I got this great "guest rant" from a pattern seller (who will remain anonymous) and I thought it was worth posting.
[Although] I will note that no one's raised the issue of "How much did they pay people for the valuable vintage they are offering us" or "I bet they paid $5.00 for 20 patterns, how can they charge us $15.00 each for them??" (or significantly more, in some cases).
[It's] a very valid point and I don't want to ruin your comment section by addressing it … I have a good answer for how and why I price my offerings:
Yes I often buy boxes of old patterns for very little cost for the box. But I got up at 4:00AM to be first in line at the estate sale that I thought might possibly have vintage patterns. I stood in line for 2 hours and tried to be first in the door. When I got in the door I started pushing past people and heading for the garage or shed where the patterns usually are and lo and behold there are 2 boxes, rat pellets, roach carcasses and all …
I make my best deal and tote the smelly mess to my car. When I get them home I sit down and go through them to see if there are any beautiful finds that need my immediate attention. I sort by priority which goes first and which gets stored for another day. Then I start with the high priority ones and spread out and check to make sure all the pieces are there and cry when they aren't. I remove old pins (usually unless I miss one), I iron the envelope and the instructions so they are nice and readable.
Then I scan (or rather the DH scans) the envelope and sends it to me. I size it and clarify it a bit so it is readable. If I'm feeling creative I "clean" the front just for my files and cause I like 'em that way. Then it's time to write the listing. Gotta hold that pattern so I know the proper size and measurements … 'cause they're mostly different through the years.
Then I package the little beauty in a plastic bag and file it away until it goes to its new owner … by this time I've spent an average of 1-2 manhours, gasoline (at $4 a gallon) and we don't even count the time spent in line at the estate sale …
Now it's listing time … we all know that eBay doesn't do anything for free (and even website space costs) so I've got 1-2 hours time, a plastic bag, gas money, and then we add FEES. Take away everything else and the fees alone eat into the profit. If I manage to get $9.99 for a pattern and it better be a special one … I get to put $8.00 of that in my pocket. Take away a few cents for packaging and equipment (scanner, computer, iron) maintenance and we're down to $7.50 … O yeah, the 25 cents I paid for the pattern … we're at $7.25. IF THE PATTERN SELLS! Considering the 1-2 manhours involved … That's below minimum wage.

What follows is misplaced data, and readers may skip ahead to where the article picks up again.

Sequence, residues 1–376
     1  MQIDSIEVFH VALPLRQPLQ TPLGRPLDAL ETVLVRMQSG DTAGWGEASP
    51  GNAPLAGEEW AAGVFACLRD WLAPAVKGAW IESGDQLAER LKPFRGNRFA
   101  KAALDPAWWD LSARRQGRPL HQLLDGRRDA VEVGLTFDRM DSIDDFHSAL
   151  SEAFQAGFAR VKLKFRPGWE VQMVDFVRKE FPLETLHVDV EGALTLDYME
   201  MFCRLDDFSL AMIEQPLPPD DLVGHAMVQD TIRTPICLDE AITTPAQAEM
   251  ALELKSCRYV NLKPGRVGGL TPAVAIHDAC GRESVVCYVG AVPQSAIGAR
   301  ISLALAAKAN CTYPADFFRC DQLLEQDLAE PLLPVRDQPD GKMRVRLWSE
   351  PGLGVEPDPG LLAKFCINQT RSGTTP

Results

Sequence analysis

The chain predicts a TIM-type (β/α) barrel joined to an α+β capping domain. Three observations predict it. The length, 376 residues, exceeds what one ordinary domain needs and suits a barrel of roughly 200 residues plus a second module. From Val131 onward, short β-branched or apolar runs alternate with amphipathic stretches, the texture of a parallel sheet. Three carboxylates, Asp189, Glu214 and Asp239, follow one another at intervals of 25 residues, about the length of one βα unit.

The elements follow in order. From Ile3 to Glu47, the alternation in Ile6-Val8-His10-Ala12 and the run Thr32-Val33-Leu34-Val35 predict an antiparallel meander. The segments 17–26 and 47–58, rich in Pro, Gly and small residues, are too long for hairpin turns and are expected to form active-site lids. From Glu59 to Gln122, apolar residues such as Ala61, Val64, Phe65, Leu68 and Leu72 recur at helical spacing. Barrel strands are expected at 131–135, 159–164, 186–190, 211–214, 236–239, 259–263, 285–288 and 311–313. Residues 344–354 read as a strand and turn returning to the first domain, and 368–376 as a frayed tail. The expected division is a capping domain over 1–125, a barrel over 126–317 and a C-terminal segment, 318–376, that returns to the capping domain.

I thought this was worth posting because so many of us forget about the overhead and just plain TIME that's involved in running a small business, especially when you're doing everything yourself (or with the help of your spouse, who may or may not have another full-time job). Sure, I hear people say "I could buy that at the Salvation Army for a dollar," but I always want to ask them "Really? That exact pattern? You're sure it's there? When do they close, by the way?"
You're really paying for everything above, plus the luxury of choice — being able to select from the range of patterns in the seller's web store. And (at least for my advertisers) reassurance that all the pieces are there, and a good chance of a refund if they're not (try that with the Salvation Army …).
One last thing: if you do think vintage patterns are too expensive, you have a lot of options. You can not buy them, for one. Modern patterns are much, much cheaper (if you wait for the $1.99 pattern sales at the major fabric chains). You can set up a wait-for-it search on eBay and hope someone who doesn't know what they have will list it. And, of course, you can always draft your own.
That pattern up above? It's $75 (at , sorry, there's not direct link to the pattern page). Unused, an in-demand bust size, a fancy pattern, and a great illustration. Is it worth $75? It is to somebody!